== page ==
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Release of all public comments on desal shows Santa Cruz's uphill battle

J.M. Brown, Santa Cruz Sentinel 11/2/13

SANTA CRUZ -- The recent release of all public comments related to an environmental analysis of seawater desalination clearly demonstrate why Santa Cruz officials decided to halt planning on a $130 million project.

During a rare 90-day review period, state and federal regulators, as well as scientists and environmental organizations, raised questions about alternatives, impacts on wildlife and a host of other issues.

But even a small sampling of the 403 written and oral comments about the draft environmental impact report reveal it was really objection from every day citizens that defined the uphill climb officials faced in convincing ratepayers to vote for the project.

"One of my biggest concerns about the draft EIR concerning the desal plant is that it reads like it was written as a rubber stamp to back up a decision that had already been made," 50-year resident Anne Smith Easley wrote.

Easley was among dozens who feared noise and visual impacts on the coast, as well as plans by the city and its desal partner, Soquel Creek Water District, to offset high energy use partially by buying credits off-site.

Others challenged the stated purpose -- to generate a new water source in the face of drought and overtaxed aquifers -- saying unchecked growth or unrealized conservation caused shortages. Many recommended augmenting storage operations, transferring water between neighboring agencies and awaiting state approval for direct use of recycled waste water.

"A desalination plant is too expensive to construct and operate," Westside resident Dan Chen wrote. "Other more economical methods must be implemented."

The City Council on Oct. 8 approved outlines of a plan to reset the desal debate, voting unanimously to broaden public engagement around alternatives. Part of the plan will entail options for how and whether to complete the environmental study, which opponents criticize because it will require more money on top of $1.6 million already spent on the report.

City Manager Martín Bernal said he intends by year's end to recommend what the council should do, understanding criticism that completing the report while exploring other solutions could look like double speak.

"I recognize we want to have a process that is transparent and open to looking at all the alternatives," he said. "We just have to make sure we go through a process and do appropriate environmental review. To the extent we can salvage or re-purpose some of what we have already done, that would be useful."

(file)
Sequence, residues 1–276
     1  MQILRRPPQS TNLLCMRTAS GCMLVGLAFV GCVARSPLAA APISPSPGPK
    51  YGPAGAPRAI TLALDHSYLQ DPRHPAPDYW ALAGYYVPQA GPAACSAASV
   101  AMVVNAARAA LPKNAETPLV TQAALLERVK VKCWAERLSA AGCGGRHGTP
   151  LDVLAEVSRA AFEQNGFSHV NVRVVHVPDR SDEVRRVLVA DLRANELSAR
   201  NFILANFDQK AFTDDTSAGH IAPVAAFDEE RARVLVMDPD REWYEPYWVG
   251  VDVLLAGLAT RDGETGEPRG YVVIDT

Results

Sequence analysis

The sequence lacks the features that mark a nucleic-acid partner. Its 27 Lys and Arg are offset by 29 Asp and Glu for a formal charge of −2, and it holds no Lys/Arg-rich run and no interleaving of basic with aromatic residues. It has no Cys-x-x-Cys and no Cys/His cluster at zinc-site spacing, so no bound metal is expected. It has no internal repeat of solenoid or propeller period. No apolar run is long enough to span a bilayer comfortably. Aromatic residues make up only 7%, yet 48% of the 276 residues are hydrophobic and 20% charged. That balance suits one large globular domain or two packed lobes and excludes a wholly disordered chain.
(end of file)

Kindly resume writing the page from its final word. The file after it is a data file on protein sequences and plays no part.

Kim Adamson, general manager for the Soquel Creek district, supports addressing public comments in stages. Tackling the alternatives first, she said, might help inform the city's new direction of letting the public investigate other supply options.

"We are recommending we just address the questions, not doing a formal (completion)," she said.


Approximately 300 individuals, organizations or agencies commented on the report, some submitting multiple written remarks or speaking during public hearings. Eighteen governmental agencies weighed in.

One of the most highly anticipated letters came from Tom Luster, the state Coastal Commission's point man on desal. He reinforced the need for more choices.

"From the information provided, it appears that other combinations of project alternatives, including some that the EIR eliminated without full review, could provide the desired amount of water supply while also reducing environmental impacts of the proposed project," he wrote.

Santa Cruz-based Ecology Action called for a better evaluation of water demand, saying, "The city's historic trend is that conservation programs have kept ahead of increased connections and created a declining trend in water use overall. With the plan to continue and possibly expand these programs, and the ability to implement a water neutral development policy, why is an increase in water demand being included in the plan?"

While the majority of comments were critical, some respondents were in favor.

"As a long time Santa Cruz family -- grandparents arrived and settled in 1920 -- we know how important planning wisely for water usage is," wrote resident Louisa Capp, also pledging support from her husband and two adult children.

The Santa Cruz Business Council urged a study of the economic impact of creating a more reliable water supply versus not doing the project.

"We understand that, in light of future drought projections, difficult decisions must be made to protect this key economic resource, and preserve our quality of life," the organization wrote. "The possibility of substantial, mandatory water usage curtailment would impose dire consequences for business and the community as a whole."

All of the comments, including transcripts from two public hearings concerning the EIR, can be read at

Follow Sentinel reporter J.M. Brown at

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